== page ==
Besides a Shot: Other Ways to Fight the Flu
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Besides a Shot: Other Ways to Fight the Flu

Image for alternative flu methods Even with modern vaccination efforts, the flu infects many people each year. And while most of us just suffer through it and feel better in a week or so, the flu also causes deaths and sends many people to the hospital. But while vaccination remains the best method of control, there are other methods of treatment and prevention. Certainly you can make efforts to keep your immune system strong and reduce your risk of exposure to the viruses. Furthermore, certain antiviral drugs can help you shorten the duration and severity of the flu if and when it does strike. These medications are sometimes prescribed to prevent new infections as well.

Additional Defenses

Aside from a flu shot, what else can you do to protect yourself from the flu?

Reduce Your Risk of Infection 

There are general measures you can take to reduce your risk of getting the flu:

  • Wash your hands often, especially when you come in contact with someone who is sick. Wash your hands for 15-20 seconds with soap and water. Rubbing alcohol-based cleaners on your hands is also helpful.
  • Avoid close contact with people who have respiratory infections. The flu can spread starting one day before and ending seven days after symptoms appear. If have to be in close contact with a sick person, wear a face mask or a disposable respirator.
  • Cover your mouth and nose with a tissue when you cough or sneeze. Throw away the tissue after you use it. Coughing or sneezing into your elbow or upper sleeve is also helpful.
  • Do not spit.
  • Do not share drinks or personal items.
  • Do not bite your nails or put your hands near your eyes, mouth, or nose.
  • Keep surfaces clean by wiping them with a household disinfectant.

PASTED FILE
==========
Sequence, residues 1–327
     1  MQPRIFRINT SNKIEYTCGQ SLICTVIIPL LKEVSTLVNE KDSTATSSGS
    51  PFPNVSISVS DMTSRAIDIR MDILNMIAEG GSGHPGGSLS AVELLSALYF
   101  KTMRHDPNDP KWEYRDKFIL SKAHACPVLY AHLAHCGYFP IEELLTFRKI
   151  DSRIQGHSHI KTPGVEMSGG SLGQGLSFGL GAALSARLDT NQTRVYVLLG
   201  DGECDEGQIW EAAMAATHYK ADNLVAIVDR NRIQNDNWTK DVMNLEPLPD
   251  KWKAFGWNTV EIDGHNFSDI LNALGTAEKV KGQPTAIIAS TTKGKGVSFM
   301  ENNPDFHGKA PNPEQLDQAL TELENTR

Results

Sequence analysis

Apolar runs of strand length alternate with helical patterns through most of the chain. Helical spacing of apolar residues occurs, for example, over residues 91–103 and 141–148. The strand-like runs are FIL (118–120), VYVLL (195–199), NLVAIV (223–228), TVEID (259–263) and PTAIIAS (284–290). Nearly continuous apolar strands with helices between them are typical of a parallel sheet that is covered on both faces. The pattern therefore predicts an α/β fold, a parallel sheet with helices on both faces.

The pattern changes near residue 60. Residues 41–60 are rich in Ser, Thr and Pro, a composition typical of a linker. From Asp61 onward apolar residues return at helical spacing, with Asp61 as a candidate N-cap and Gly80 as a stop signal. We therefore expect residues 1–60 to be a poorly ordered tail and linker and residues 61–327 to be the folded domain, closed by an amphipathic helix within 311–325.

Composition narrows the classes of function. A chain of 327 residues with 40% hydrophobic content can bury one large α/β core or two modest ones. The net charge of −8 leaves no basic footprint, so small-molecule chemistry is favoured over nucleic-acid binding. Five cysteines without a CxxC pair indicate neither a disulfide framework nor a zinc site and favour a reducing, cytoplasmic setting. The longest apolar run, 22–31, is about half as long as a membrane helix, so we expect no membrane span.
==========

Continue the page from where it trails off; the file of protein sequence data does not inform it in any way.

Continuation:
It is also a good idea—as always—to get enough sleep, eat nutritious meals, drink plenty of water, engage in regular exercise, and find ways to manage stress in your life. This will keep your immune system strong throughout the cold and flu season.

Give Antiviral Medications a Shot

Besides the flu vaccine, antiviral medications are used to both prevent and treat the flu. They are often used as a secondary preventive measure in high-risk individuals who have also been vaccinated. Antiviral drugs work by inhibiting the spread of the virus within the upper respiratory tract. Specifically, the following prescription drugs are approved by the Food and Drug Administration and commercially available in the United States:

  • Amantadine (Symmetrel)—an oral medication for the prevention and treatment of influenza A (Some kinds of seasonal influenza virus are resistant to this drug.)
  • Rimantadine (Flumadine)—an oral medication similar to Amantadine but with fewer side effects, also for the prevention and treatment of influenza A (Some kinds of seasonal influenza virus are resistant to this drug.)
  • Oseltamivir (Tamiflu)—an oral medication for the prevention and treatment of influenza A and B (Some kinds of seasonal influenza virus are resistant to this drug.)
  • Zanamavir (Relenza)—an inhaled drug, similar to Oseltamivir, for the treatment only of influenza A and B (This may worsen asthma or chronic obstructive pulmonary disease [COPD].)

As treatment, they can reduce symptoms of the flu and shorten its duration. The sooner they are given, the more effective they are. They can also make you less contagious to others.

It is uncertain, however, whether antivirals can treat the most severe, life-threatening cases of flu in high-risk individuals. Furthermore, possible side effects range from nausea to anxiety, depending on the drug. Additionally, they are not necessarily recommended for all individuals or all age groups. Like any prescription drug, you will need to discuss your medical history with your doctor before deciding if an antiviral drug is right for you. All antivirals must be prescribed by a doctor.


Centers for Disease Control

National Center for Infectious Diseases


Canadian Health Network

Capital Health


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Last reviewed June 2011 by Brian Randall, MD

Last updated Updated: 6/7/2011

Please be aware that this information is provided to supplement the care provided by your physician. It is neither intended nor implied to be a substitute for professional medical advice. CALL YOUR HEALTHCARE PROVIDER IMMEDIATELY IF YOU THINK YOU MAY HAVE A MEDICAL EMERGENCY. Always seek the advice of your physician or other qualified health provider prior to starting any new treatment or with any questions you may have regarding a medical condition.

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